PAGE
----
|@senivpetro via Freepik|
Most days, I feel brave and strong and stubborn but, some days, I miss her so much I can taste it. I miss her laugh and her hugs, our shared love of dinner reservations instead of dinner preparations, and hours on the phone spent talking about everything and nothing.
I miss her championing my creative pursuits, her certainty that in any production anywhere I was the best one on stage (unless my niece was in the show, in which case it would be a tie) and her fierce loyalty to those she loved.
What I miss most of all, though, is being able to tell her anything. When someone hurt my feelings, or made me angry, I could complain to my mom and she'd take my side -- so much so that I sometimes found myself defending the person I'd started out complaining about. If I was wrong or short-sighted, she'd let me know, but only after I'd finished whining about the unfairness of it all. I never had to worry about being judged or chided.
It's only now beginning to dawn on me that part of what I miss is the fact that, with my mom around, I never really had to be a full-fledged grown-up. It's overrated, this grown-up business.
I'm not very wise, but I am wise enough to know how blessed I was to have my mom for most of my adult life. I'm smart enough to be grateful for all that she gave me and taught me, as well as most of what she passed onto me by osmosis. I know that being with her and my dad as she fought a battle she didn't want to fight (perhaps the ultimate grown-up act) was a gift -- one that gave me a chance to say all the things I wanted to say, and to prepare myself for the inevitability of good-bye.
My dad now lives less than ten minutes away from us; his relocation is the silver lining in the cloud that was losing my mom. He, too, is a cushion against full grown-up status, and I treasure the relationship we are nurturing in our new normal.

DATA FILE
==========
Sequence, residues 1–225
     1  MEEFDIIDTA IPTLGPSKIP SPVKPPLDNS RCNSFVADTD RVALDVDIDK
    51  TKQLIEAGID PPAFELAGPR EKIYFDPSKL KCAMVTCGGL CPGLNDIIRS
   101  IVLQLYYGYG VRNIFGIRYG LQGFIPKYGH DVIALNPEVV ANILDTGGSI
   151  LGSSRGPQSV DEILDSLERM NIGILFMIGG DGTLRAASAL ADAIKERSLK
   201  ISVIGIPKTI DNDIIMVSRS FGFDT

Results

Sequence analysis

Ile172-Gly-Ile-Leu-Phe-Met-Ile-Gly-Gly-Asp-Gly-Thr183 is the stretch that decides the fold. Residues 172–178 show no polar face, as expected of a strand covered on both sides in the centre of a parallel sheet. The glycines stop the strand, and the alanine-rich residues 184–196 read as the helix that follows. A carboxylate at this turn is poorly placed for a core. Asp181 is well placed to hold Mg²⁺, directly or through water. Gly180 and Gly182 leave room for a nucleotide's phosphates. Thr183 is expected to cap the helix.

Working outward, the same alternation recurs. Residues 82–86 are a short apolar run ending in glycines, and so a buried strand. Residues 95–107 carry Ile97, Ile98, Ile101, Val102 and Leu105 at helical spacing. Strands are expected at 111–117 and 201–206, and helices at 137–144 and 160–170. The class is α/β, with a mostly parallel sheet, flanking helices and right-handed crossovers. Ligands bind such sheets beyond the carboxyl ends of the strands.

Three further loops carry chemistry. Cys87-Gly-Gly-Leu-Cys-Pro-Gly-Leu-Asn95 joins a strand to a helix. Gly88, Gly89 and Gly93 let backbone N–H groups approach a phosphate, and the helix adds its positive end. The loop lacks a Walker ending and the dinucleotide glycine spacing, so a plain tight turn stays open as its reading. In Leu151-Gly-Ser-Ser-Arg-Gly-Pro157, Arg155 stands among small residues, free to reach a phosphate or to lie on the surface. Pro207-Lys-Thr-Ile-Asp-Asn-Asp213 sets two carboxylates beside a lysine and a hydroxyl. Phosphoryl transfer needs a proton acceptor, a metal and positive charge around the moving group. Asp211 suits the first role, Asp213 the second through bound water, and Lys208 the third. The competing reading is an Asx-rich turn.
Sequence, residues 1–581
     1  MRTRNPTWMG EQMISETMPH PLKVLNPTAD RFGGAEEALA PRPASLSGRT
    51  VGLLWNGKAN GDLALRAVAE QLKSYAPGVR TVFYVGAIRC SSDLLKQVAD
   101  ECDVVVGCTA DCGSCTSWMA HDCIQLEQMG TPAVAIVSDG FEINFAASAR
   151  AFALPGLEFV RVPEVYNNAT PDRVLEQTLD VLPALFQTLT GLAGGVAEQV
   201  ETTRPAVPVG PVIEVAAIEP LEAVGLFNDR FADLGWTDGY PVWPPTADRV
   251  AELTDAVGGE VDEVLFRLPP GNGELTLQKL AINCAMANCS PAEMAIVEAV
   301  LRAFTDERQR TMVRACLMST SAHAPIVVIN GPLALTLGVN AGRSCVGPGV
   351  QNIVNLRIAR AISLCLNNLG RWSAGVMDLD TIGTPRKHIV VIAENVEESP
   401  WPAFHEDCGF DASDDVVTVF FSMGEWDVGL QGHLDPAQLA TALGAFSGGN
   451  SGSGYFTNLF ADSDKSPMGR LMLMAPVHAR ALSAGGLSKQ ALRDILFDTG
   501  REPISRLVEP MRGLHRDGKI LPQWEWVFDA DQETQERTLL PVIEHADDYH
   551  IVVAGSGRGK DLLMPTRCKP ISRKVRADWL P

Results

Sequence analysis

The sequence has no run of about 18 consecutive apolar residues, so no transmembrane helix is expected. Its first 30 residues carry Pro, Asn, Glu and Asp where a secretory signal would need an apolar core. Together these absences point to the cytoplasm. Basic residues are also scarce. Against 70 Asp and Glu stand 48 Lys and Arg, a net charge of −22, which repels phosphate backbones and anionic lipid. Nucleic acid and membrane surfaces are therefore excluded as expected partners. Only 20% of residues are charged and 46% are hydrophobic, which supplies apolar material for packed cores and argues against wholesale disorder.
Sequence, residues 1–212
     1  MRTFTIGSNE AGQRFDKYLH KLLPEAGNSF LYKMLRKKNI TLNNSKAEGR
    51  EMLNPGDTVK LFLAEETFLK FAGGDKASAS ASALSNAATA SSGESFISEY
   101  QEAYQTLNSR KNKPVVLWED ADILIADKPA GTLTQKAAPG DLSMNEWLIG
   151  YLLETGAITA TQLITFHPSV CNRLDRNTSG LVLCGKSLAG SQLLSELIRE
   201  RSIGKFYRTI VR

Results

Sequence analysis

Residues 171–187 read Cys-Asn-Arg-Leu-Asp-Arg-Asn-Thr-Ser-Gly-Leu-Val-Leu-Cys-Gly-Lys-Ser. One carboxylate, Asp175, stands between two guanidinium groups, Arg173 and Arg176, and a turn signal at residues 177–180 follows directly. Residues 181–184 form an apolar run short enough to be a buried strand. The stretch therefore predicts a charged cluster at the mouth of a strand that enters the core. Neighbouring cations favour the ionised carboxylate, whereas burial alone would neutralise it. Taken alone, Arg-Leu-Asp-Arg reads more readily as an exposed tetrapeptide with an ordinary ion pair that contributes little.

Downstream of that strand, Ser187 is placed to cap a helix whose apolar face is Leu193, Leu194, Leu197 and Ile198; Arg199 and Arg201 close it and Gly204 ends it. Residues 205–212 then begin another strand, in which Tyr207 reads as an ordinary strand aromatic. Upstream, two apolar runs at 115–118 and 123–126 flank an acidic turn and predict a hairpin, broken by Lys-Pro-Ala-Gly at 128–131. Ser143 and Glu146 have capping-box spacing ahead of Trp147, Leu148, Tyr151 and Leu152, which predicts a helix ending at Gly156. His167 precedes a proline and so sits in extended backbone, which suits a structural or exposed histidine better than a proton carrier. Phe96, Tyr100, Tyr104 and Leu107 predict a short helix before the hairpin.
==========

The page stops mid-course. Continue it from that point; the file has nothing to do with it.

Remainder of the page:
Dads are different than Moms, something that is both good and inevitable. As my dad and I move forward, knitted closer together by a loss neither of us wanted, we're deciding what to keep, what to discard and what to change, not only with respect to material possessions, but in our relationship as well. We haven't lived in the same zip code full-time since I moved out of my parents' house to go to college, back when I was barely a contender in the grown-up game.
The trouble with the grown-up game is that the rules are ever-changing. We think we're grown up when we move out, when we graduate from college, when we get our first job, when we get married, when we become parents. But each of these events merely shapes who we become; no one of them completely defines us or fully describes the joys and challenges that lay on the other side of these milestones.
Losing a parent is another milestone -- one no one wants to achieve. There's a hole in my life where my mom was -- one no one can fill. I don't mean that to be maudlin or sentimental -- it just is. Maybe that realization takes me one step closer to full grown-up status, or maybe it's merely an observation.
Either way, it doesn't make this grown-up business any less confusing.